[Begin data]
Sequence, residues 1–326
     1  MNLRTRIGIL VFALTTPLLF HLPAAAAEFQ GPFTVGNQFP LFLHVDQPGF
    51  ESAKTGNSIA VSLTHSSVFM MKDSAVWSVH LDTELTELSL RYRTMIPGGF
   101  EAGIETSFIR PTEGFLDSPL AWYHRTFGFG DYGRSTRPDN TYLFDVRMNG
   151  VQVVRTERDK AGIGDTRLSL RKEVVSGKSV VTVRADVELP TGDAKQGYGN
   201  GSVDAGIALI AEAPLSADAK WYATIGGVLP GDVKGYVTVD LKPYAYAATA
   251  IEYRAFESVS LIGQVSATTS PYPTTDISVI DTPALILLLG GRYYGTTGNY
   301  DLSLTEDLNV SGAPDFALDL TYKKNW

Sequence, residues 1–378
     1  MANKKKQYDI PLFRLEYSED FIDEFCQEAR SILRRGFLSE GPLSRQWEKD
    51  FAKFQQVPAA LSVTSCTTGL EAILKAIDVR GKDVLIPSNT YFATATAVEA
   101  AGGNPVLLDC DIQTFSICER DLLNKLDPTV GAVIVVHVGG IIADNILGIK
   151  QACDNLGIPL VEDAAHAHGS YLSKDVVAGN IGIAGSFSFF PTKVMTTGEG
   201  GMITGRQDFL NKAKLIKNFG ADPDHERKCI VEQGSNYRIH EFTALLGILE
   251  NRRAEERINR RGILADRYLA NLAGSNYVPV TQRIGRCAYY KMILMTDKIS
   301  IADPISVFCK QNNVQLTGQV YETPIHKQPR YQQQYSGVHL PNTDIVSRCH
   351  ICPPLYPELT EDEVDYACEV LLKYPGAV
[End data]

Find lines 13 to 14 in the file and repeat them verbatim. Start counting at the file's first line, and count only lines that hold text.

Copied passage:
   151  QACDNLGIPL VEDAAHAHGS YLSKDVVAGN IGIAGSFSFF PTKVMTTGEG
   201  GMITGRQDFL NKAKLIKNFG ADPDHERKCI VEQGSNYRIH EFTALLGILE